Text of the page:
The greatest amateur golfer ever, Bobby Jones dominated his sport in the 1920s. In the eight seasons from 1923 to 1930, Jones won thirteen major championships, including five U.S. Amateurs, four U.S. Opens, three British Opens, and one British Amateur. On September 27, 1930, he became the only man to win all four major titles in one season, completing the “Grand Slam” of golf. Then, while still in his athletic prime at the age of twenty-eight, he retired from competition to devote more time to his family and his law practice.
Robert Tyre “Bobby” Jones II was born to Clara Thomas and Robert Purmedus Jones on March 17, 1902, in Atlanta. He was named after his paternal grandfather, a prominent businessman from Canton (Jones later adopted “Jr.” out of respect for his father). In 1907 his father, a successful attorney, joined the Atlanta Athletic Club, which owned the East Lake Country Club in DeKalb County, where the family spent every summer thereafter. It was at East Lake that Bobby Jones learned to play golf, mostly by mimicking the swing of the club’s professional, Stewart Maiden.
Jones dramatically improved his skill with each passing summer. After winning many regional events, in the fall of 1916 he entered his first national competition, the U.S. Amateur, held at the Merion Cricket Club near Philadelphia, Pennsylvania. Although he was eliminated in the third round, the fourteen-year-old exceeded the expectations of most observers and was quickly dubbed the nation’s top golf prodigy.
Unfortunately, Jones did not continue to meet either his own or others’ expectations. Throughout the next seven seasons, he failed to win anything bigger than a regional event. To make matters worse, Jones developed a reputation as a spoiled, club-throwing hothead. A perfectionist by nature, he was easily angered and too immature to handle his mistakes on the links. Jones’s most egregious example of unsportsmanlike behavior occurred at the 1921 British Open. After struggling through the front side of the third round, he simply picked up his ball on the eleventh hole—figuratively “tearing up his scorecard”—and quit.
In the winter of 1922-23 Jones experienced a metamorphosis; he evolved from a temperamental youth into a disciplined young gentleman on and off the course. He won his first major title, the U.S. Open, later that year to begin his eight-season domination of the sport. Aside from the Grand Slam in 1930, Jones’s most impressive achievement is his record in the U.S. Open. In the 1920s Jones won the event four times and also had four runner-up finishes.
His career is all the more remarkable considering that he competed as an amateur rather than as a professional. Always displaying a sense of modesty, Jones regularly reminded his fans that some things were more important than winning. He became famous, for example, for calling penalty strokes on himself, even when it cost him a championship. Moreover, Jones never accepted prize money, did not play as often as most professionals, and chose to focus on the national championships. Those choices allowed him time to pursue other priorities, including his education and family. In 1922 Jones graduated from the Georgia Institute of Technology with a degree in engineering. Two years later he added a second bachelor’s degree, this one in English literature from Harvard University in Cambridge, Massachusetts. Then in the fall of 1926, Jones enrolled in Emory University’s law program. After just three semesters, he passed the Georgia bar exam and began practicing law at his father’s firm early in 1928.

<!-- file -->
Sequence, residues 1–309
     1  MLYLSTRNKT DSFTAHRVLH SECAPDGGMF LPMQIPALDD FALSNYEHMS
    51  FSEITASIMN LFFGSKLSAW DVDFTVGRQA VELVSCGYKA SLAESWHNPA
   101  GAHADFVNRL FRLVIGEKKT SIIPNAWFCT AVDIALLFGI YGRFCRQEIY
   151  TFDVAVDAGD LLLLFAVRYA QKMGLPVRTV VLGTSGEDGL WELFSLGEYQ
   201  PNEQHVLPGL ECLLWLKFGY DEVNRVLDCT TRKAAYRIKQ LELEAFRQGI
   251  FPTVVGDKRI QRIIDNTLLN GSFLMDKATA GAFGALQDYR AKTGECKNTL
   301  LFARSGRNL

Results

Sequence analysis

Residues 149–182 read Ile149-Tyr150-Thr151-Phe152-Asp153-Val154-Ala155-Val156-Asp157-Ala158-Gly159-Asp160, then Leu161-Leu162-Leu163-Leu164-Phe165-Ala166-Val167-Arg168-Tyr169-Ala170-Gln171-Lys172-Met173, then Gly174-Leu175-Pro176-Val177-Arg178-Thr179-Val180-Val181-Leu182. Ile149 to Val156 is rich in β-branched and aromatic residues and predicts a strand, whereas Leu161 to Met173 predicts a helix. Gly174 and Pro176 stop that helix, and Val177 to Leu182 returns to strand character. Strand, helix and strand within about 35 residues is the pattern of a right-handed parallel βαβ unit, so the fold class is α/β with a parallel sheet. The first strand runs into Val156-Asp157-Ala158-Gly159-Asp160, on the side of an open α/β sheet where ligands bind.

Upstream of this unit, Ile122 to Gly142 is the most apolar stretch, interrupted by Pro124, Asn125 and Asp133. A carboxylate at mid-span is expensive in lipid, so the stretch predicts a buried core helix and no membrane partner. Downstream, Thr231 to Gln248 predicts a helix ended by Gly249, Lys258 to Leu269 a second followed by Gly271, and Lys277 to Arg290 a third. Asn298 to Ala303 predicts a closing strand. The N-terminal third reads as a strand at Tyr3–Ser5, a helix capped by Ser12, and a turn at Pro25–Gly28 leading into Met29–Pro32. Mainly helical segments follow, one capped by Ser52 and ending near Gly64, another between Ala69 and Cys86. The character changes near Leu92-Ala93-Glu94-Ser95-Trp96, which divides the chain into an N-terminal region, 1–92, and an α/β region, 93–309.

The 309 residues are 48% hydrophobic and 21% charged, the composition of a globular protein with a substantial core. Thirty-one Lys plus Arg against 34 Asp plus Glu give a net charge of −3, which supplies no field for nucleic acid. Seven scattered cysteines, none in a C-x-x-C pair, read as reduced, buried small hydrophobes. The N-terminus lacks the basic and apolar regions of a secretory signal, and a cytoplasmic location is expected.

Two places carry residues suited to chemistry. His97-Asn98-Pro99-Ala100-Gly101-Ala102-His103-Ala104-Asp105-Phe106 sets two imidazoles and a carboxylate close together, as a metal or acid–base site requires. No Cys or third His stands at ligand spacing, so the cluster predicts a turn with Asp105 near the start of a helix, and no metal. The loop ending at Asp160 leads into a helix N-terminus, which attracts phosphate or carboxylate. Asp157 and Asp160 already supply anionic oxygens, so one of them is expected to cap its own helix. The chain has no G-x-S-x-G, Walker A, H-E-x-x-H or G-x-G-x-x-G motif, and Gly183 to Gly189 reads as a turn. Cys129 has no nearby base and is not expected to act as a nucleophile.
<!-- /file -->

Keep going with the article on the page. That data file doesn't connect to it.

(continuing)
Jones’s most important priority, though, was his family. In the summer of 1924 he married Mary Malone. Over the next seven years, the couple had three children, Clara Malone, Robert Tyre III, and Mary Ellen.
Although Jones retired from competition in 1930, he did not retire from the golf world or from public life. Freed from the financial restraints of formal amateurism, Jones quickly capitalized on his golf success. In 1931 and 1933 he filmed two series of golf instructional shorts that brought him an estimated $250,000. He also signed with A. G. Spalding & Brothers to design and endorse a line of golf clubs. Throughout his life, he wrote hundreds of articles and several books on golf, including the autobiographical works Down the Fairway (with O. B. Keeler, 1927) and Golf Is My Game (1960). His most outstanding project in retirement was the creation of the Augusta National Golf Club in Augusta and the annual invitational tournament it spawned, the Masters. First played in 1934, the Masters became recognized as one of the four major tournaments in golf.
Jones made an appearance each spring at the Masters, even playing in the event until 1948, when his life took a tragic turn. Afflicted that year with a rare spinal disease called syringomyelia, Jones had to give up golf and was soon forced into a wheelchair. He took his final trip to the Masters in 1968. Finally succumbing to his illness, Jones died on December 18, 1971, at the age of sixty-nine. Through it all, he refused to complain about his fate, always presenting a model of perseverance and character.
His handling of his illness, the memory of his competitive career, and his Masters Tournament established Jones as one of sports’ most outstanding and admirable heroes. In 1964 he was one of the first athletes inducted into the newly formed Georgia Sports Hall of Fame. The Atlanta Gas Light Company awarded its Shining Light Award to Jones in 1978. A permanent exhibition entitled Down the Fairway with Bobby Jones is on display at the Atlanta History Center, and Bobby Jones: Stroke of Genius (2004), a feature film chronicling Jones’s life and career, was partially filmed in Georgia.